I agree that many should be able to remember these with a bit of study, but in many cases, soldiers and officers have so many different things to remember that certain items can “jumble” together.
I see no problems in carrying this simple cheat sheet in your billfold to help you remember. I almost hate the term cheat sheet, because cheating sounds illegal. This is just a helpful tool and if your memory doesn’t always get it all, a cheat sheet is a great tool.
Everyone needs a basic understanding of the classes of supply, especially NCOs and officers.
Here’s the mnemonic that I can think works for me to remember in order.
Four Cats Possibly Cause Allergy, Personal Mask Mends Reproductive Mucous.
I’m with you on this one, Chuck. The cheat sheet is handy, but it really doesn’t seem that hard to memorize 10 things. It’s in logical order, starting with what you need for basic survival (food, then clothes, tools, tent), food (fuel) for the equipment, protective shelter, ammunition, then the niceties of personal items, big equipment, medical supplies, spare parts and then stuff to help other people.
A cheat sheet is good for the new person, but yes, it’s fairly easy to memorize.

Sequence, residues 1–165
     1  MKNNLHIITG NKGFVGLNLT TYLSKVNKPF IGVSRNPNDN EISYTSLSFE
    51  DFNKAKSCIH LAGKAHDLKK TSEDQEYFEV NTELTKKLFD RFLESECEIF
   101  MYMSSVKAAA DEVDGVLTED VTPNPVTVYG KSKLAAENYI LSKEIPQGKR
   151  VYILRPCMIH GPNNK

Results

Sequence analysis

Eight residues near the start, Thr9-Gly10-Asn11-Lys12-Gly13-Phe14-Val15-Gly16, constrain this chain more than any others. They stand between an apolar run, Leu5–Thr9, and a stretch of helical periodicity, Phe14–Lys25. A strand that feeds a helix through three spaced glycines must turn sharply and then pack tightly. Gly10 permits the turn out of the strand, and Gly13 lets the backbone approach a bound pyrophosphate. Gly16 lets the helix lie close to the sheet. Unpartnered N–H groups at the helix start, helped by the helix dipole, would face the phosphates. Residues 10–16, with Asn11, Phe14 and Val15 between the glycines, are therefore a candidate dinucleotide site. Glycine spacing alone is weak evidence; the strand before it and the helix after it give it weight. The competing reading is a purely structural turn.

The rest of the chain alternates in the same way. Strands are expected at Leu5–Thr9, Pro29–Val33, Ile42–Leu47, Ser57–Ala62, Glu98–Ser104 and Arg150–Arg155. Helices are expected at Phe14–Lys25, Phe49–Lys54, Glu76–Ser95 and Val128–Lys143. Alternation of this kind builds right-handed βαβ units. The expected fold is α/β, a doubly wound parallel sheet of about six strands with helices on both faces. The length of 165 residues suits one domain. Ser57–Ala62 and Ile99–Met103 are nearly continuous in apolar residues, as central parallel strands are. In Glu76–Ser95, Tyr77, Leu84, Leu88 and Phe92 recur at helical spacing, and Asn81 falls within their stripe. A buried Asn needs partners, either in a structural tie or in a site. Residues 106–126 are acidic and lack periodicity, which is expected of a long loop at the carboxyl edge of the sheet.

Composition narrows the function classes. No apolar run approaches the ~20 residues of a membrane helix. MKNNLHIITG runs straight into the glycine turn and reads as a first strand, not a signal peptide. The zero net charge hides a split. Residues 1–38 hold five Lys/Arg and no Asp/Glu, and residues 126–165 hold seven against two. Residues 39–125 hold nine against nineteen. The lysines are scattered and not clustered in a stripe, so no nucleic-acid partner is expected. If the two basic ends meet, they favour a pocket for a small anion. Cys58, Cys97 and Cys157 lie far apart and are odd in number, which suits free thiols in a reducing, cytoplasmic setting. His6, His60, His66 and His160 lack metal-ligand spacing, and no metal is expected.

I am stuck between Class IX and VII for LRU’s within the system. The sum of the parts equals the system so VII but by them selves XI.
Which Class of supply do I code them, there all electronic to support a virtual trainer.
I honestly don’t know. Sorry.
I was on a feild problem with my unit in Fort Stewart some years ago (I was a SPC 92A PLL/TAMMS clerk) when a Platoon Leader came to me afterwards and requested a whole “laundry list” of component NSN’s. Having a very engaged XO who checked my CDR’s Exception Report pretty much “on the daily” He noticed all these “parts” were the components of the camo net bundle that fell off the trimvane of a certain PL’s Bradley. needless to say that stuff didn’t get ordered for a little while until after these Gentlemen conferred on the subject. Moral of the story: keep surveillance of your unit’s property like a hawk lest someone take advantage.
* When it comes to Electronic components it usually depends on cost/price for replacement and if it has a/n SN: serial number in your Unit Property Book.
Yes, you definitely have to keep a close eye on supply, especially if that is your job. Most young officers and young NCOs don’t know a lot about it, but it’s worth educating yourself.